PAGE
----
For Paul, what makes the ‘Holy Scriptures’ unique, and different to any other kind of writing, is the fact that they are ‘inspired by God’ [NRSV] or ‘God-breathed’ [TNIV]. Peter helpfully unpacks this idea for us in his Second Letter when he tells us that the various writers of Scripture did not simply record ideas of their own but ‘they spoke from God as they were carried along by the Holy Spirit’ [2 Peter 1:21]. Just as the wind fills the sails of a sailing ship and carries it over the waves, so God the Holy Spirit filled the various Biblical writers enabling them to write what has come down to us today as ‘Holy Scripture’. Because everything about Scripture – its inception, essential message, and continuing usefulness today – is pervaded, impregnated by God the Holy Spirit, it is a unique instrument, channel that God uses to enable us to ‘grow in the grace and knowledge of our Lord Jesus Christ’ [2 Peter 3:18].
The problem we face with Scripture, however, is not primarily to do with the question of the inspiration of Scripture as with the interpretation and application of Scripture. Paul, therefore, is not content simply to remind Timothy of the essential value of the Holy Scriptures in finding sustenance, help, guidance, and direction – he explains exactly how Scripture works as a vehicle through which the Holy Spirit enables us to become the men and women of God that God himself always intended we should become. Thus Paul tells us that the Holy Scriptures are ‘useful for teaching, reproving, correcting and training in righteousness’ [v.16].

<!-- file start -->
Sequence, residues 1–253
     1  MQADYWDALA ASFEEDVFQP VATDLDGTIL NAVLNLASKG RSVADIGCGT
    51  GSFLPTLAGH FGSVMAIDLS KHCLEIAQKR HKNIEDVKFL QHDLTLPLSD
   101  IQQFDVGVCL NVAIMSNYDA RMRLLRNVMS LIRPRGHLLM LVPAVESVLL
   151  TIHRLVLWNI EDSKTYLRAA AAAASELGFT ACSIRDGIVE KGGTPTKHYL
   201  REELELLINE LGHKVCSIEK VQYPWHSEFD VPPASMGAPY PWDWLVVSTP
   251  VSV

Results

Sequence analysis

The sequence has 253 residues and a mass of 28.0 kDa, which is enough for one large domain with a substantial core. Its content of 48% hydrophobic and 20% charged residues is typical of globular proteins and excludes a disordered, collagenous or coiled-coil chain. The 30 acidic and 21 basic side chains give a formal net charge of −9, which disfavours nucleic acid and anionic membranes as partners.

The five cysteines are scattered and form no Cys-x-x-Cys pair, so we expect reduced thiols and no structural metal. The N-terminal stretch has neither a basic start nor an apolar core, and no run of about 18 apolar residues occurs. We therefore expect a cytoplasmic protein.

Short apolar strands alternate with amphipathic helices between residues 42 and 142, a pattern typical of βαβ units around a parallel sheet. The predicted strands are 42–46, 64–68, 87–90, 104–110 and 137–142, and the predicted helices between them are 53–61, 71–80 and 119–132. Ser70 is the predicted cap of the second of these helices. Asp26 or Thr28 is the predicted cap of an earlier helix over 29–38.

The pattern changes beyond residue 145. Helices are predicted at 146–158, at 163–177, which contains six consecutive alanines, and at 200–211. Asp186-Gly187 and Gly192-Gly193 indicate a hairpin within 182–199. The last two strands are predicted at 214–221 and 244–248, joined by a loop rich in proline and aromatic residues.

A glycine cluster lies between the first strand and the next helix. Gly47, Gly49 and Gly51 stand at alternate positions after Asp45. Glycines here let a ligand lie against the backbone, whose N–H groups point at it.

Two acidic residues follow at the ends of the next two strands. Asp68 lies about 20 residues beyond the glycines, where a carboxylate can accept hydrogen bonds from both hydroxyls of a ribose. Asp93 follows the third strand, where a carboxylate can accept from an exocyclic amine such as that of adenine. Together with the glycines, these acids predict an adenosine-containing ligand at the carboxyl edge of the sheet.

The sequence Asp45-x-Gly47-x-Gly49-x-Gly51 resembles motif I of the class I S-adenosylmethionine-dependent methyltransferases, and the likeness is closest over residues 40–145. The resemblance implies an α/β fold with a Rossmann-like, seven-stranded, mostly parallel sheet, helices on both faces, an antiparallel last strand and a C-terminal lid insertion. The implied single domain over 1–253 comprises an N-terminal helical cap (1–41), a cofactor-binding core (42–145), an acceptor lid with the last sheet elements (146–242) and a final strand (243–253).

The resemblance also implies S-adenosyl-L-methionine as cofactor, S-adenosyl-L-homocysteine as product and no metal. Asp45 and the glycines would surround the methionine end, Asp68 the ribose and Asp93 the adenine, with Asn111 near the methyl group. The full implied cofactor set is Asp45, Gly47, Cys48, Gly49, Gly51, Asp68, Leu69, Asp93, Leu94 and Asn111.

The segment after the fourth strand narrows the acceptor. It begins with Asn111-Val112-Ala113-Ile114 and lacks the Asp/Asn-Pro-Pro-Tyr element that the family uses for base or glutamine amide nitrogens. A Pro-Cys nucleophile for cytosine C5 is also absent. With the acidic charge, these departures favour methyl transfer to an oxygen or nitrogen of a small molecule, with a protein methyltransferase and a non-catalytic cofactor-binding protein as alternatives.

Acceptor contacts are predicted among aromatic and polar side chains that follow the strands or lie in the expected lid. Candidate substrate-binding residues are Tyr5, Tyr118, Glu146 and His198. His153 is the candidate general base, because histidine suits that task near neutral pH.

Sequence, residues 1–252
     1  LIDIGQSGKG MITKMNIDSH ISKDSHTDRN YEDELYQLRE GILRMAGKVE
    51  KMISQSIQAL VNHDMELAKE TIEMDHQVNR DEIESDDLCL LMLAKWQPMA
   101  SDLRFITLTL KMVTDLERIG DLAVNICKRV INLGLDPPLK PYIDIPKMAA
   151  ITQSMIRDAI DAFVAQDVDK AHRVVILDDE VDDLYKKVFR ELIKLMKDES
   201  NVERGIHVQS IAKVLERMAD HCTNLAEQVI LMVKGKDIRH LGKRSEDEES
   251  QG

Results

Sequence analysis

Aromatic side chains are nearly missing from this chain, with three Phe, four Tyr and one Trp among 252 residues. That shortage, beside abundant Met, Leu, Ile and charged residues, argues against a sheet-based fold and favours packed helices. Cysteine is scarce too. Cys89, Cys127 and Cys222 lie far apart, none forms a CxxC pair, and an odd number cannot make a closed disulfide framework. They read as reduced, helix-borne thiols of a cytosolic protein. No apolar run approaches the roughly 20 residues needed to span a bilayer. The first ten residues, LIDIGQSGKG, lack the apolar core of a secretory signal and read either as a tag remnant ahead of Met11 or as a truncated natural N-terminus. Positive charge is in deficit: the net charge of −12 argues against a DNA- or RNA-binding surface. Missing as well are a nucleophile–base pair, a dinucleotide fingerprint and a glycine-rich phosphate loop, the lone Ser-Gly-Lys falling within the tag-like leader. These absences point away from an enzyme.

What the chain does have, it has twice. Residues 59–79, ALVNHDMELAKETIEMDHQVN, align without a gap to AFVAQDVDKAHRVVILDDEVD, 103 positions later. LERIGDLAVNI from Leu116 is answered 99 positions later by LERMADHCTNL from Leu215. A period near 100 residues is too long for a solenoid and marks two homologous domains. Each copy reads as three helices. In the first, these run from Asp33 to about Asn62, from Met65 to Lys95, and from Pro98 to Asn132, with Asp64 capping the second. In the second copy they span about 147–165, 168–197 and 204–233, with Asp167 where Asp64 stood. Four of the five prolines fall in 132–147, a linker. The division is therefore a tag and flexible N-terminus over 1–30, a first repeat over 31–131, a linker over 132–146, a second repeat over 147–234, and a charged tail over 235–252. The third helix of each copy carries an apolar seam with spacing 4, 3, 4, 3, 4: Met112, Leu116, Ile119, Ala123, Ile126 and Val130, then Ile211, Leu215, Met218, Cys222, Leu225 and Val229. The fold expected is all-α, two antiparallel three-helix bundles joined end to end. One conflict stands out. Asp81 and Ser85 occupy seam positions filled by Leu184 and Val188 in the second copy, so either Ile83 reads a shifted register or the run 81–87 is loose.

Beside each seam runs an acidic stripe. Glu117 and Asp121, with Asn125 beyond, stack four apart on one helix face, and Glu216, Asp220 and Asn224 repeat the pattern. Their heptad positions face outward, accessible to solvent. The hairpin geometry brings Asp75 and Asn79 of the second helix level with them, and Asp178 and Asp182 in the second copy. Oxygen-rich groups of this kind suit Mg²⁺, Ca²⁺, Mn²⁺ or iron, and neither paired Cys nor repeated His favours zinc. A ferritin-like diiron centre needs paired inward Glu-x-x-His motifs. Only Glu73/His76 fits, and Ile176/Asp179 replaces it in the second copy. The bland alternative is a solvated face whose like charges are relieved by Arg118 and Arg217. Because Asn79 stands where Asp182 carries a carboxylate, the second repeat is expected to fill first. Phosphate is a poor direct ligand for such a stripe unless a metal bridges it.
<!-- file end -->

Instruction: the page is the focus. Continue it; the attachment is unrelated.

‘Teaching’ signifies ‘instruction’ – the imparting of information about God and the things of God, not just head knowledge but heart knowledge, practical stuff as well as theoretical, how to be or to do something, etc.
‘Reproving’ signifies ‘to convict’ or ‘to expose’, that is, to convince us or others or to enable us or others ‘to discover’ where we are going wrong, where we are ‘off kilter’ so to speak. ‘Rebuking’ [TNIV] is too harsh a translation. Scripture is never primarily meant to condemn us but to reprove us by showing us where we are failing to live or think as the people of God.